If board members ask a manager or attorney to file on their behalf, then they will need to pay those professionals for their time.


Less desire to serve as a board member

Some associations already struggle with attracting members to serve on the board. This new requirement could make it even harder to find volunteers. Not only will they be expected to submit detailed personal information to the government, but the consequences for failing to properly submit the report on time are so significant that some people may not want to bother taking on that risk.


Unreasonable fines

How grave are the consequences for failing to submit a BOI report to the FinCEN on time? ​Associations could face civil penalties of $500 per day, and criminal penalties of up to $10,000, plus up to 24 months in prison.



It’s not just community associations that believe they should be excluded from filing a BOI report under the CTA. The National Small Business Association filed a lawsuit, and on March 1, 2024, U.S. District Court Judge Liles C. Burke, for the Northern District of Alabama, Northeastern Division, wrote an opinion in which he declared the CTA to be unconstitutional.  

The federal government appealed the decision​​​ on March 11. However, the court has directed the government to stop enforcement of the CTA against the plaintiffs (the National Small Business Association, its members, Isaac Winkles, and entities under their control).

It could take months or even years before the federal court system makes a final decision about the constitutionality of the CTA.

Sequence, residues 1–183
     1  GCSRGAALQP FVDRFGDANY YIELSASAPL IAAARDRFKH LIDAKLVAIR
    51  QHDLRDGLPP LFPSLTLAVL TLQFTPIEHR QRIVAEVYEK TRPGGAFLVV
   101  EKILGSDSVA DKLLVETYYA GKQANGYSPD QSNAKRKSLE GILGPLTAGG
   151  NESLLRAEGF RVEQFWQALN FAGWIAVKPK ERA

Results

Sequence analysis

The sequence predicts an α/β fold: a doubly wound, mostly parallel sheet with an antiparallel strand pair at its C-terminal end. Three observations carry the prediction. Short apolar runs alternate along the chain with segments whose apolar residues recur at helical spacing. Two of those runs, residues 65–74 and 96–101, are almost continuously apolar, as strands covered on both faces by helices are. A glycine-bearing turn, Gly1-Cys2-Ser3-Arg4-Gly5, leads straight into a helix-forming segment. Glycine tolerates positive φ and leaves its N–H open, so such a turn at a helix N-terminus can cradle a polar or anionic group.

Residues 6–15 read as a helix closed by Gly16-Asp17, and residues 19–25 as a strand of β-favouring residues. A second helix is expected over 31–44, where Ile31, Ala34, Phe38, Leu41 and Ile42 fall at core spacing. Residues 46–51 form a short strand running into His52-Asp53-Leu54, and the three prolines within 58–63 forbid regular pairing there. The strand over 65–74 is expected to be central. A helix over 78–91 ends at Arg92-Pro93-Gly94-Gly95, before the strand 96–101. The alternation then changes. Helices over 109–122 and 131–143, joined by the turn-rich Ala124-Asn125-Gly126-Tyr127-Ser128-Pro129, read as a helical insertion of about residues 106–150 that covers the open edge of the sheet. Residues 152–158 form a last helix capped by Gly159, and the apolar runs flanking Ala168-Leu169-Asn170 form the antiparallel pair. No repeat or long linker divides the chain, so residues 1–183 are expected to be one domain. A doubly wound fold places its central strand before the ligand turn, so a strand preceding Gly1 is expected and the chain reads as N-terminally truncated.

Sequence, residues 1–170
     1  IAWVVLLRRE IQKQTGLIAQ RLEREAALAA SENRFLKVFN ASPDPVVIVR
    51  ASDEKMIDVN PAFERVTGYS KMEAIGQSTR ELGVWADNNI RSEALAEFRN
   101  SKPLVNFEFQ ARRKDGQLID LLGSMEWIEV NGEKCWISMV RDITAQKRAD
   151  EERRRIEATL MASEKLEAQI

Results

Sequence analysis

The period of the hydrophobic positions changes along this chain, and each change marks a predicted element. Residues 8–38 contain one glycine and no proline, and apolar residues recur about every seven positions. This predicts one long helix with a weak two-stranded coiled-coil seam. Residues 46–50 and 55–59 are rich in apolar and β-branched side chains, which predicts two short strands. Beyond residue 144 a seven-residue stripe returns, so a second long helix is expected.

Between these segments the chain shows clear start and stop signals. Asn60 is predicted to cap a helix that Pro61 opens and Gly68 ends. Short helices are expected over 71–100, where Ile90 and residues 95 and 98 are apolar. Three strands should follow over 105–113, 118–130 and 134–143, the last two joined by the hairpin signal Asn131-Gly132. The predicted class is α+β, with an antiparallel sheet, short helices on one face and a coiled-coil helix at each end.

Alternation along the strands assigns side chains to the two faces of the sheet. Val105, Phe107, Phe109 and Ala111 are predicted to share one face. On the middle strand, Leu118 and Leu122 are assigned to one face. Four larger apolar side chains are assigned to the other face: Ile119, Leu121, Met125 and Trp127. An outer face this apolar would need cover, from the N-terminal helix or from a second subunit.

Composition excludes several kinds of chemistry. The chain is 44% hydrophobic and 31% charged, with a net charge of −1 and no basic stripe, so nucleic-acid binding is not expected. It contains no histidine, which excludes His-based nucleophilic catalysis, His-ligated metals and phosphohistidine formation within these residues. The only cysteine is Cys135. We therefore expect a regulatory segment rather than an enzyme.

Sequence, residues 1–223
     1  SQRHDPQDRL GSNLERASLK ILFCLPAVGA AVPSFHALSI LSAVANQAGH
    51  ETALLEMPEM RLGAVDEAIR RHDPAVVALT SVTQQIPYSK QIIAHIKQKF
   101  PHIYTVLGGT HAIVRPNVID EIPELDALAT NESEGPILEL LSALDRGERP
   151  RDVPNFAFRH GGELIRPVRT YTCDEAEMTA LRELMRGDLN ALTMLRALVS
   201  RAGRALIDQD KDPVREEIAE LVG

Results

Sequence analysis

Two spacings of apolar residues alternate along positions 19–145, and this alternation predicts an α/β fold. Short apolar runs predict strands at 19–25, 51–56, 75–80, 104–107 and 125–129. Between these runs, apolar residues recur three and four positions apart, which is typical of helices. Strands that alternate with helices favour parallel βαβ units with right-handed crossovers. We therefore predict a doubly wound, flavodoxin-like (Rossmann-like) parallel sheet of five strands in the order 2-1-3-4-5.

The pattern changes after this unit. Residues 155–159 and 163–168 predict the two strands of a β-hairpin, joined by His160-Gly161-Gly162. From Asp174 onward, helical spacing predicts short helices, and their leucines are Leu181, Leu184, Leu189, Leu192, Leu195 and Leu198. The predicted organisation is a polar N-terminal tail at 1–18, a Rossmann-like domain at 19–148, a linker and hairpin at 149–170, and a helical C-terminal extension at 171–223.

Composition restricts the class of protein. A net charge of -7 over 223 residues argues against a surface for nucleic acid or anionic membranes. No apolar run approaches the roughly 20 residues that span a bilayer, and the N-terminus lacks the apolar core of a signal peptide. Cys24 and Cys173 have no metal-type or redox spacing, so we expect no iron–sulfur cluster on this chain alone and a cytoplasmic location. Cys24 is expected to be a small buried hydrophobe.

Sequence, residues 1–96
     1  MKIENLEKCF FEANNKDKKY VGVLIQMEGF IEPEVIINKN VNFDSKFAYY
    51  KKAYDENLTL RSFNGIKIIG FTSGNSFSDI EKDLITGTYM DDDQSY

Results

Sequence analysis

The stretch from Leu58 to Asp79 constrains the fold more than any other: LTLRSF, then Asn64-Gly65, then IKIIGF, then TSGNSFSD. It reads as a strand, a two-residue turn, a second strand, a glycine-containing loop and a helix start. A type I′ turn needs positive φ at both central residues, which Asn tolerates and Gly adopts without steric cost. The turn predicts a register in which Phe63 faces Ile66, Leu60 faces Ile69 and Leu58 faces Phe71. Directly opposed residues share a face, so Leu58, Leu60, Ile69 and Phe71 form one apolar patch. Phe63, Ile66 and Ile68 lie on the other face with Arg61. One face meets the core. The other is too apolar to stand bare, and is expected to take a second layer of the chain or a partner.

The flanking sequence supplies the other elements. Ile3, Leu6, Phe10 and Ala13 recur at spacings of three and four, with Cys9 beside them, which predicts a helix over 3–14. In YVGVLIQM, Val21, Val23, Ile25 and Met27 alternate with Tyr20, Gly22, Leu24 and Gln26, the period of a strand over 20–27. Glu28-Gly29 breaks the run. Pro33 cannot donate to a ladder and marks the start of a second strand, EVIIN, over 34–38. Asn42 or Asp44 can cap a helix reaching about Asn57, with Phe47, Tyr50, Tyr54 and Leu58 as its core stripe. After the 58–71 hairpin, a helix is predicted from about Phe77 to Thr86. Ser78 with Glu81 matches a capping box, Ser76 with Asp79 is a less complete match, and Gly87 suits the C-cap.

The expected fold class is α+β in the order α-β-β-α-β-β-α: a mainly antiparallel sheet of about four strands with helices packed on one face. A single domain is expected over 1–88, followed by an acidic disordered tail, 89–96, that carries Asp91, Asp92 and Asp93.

As mentioned earlier, the CAI is also advocating for associations across the U.S. It continues to encourage board members and industry professionals to reach out to their Senators and make a request to have the enforcement of the Corporate Transparency Act postponed.

It is also urging the confidentiality of the individual corporate filings of the BOI reporting through the rulemaking process.

 The CAI is sharing updates as soon as they become available, and members should check the CAI website often as the issue matures. 


So, should your condo or HOA wait to file?

If your association is unsure about whether to wait or to file, the best thing you can do is consult your attorney.

Since the filing process does not take long, and there is still time for developments to emerge, we encourage the communities that are comfortable doing so to wait and see if an exception is made for community associations. That being said, condo and HOA boards should be prepared to file a BOI if nothing changes by the end of 2024.